You may be using an incorrect way to measure your process. This is generating rework and harming your process.

 

6. Method

 

Refers to the procedures and methods adopted by the organization during activities.

The method can defined through software and planning tools. It represents the way you plan the progress of your activities and how to control what is happening.

 

What are the advantages of using the Ishikawa Diagram?

 

There are many advantages to using this quality tool in the business environment. I will now list 6 of them so you can think about it:

 

1 - The first benefit of using the diagram is the fact that is a visual tool, easy to understand and easy to analyze ;

2 - It influences all employees involved in the process to commit to the results to be achieved;

3 - It helps to find the root cause of the problem;

4 - Can be used as a statistical tool for total quality control;

5 - It prioritizes an analysis in more detail, helping to make more effective decisions;

6 - It has a generic use and flexible structure, being applicable in problems of different natures.

 

Life is not a bed of roses ...

 

Despite its great applicability and simplicity in cause deffinition, the tool has not only positive points. We can cite some disadvantages, such as:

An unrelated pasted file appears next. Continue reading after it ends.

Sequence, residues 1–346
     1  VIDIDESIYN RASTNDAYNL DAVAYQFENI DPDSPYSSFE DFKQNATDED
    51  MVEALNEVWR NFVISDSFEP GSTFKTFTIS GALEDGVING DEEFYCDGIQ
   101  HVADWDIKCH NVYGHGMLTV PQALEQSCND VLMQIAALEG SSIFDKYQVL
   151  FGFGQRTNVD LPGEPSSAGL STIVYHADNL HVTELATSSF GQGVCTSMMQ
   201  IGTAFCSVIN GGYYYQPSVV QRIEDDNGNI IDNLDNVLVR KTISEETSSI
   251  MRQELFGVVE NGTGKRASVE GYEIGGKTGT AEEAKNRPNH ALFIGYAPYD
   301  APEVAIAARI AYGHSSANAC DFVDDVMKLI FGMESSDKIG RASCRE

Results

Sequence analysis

• It does not signal the real gravity of the problem;

  • Often effort is wasted in identifying the cause of effects that have no great relevance.

 

In addition to these disadvantages it is necessary to take some precautions when developing and implementing the Ishikawa Diagram:

 

  • It should be used preferably by employees who already have some knowledge about the PDCA cycle;

  • Because it is a relatively simple tool, it is necessary to have a business structure favorable to this implement;

  • Because they cover different areas and a large number of people, it is possible that exists different opinions, being necessary to know how to administer them.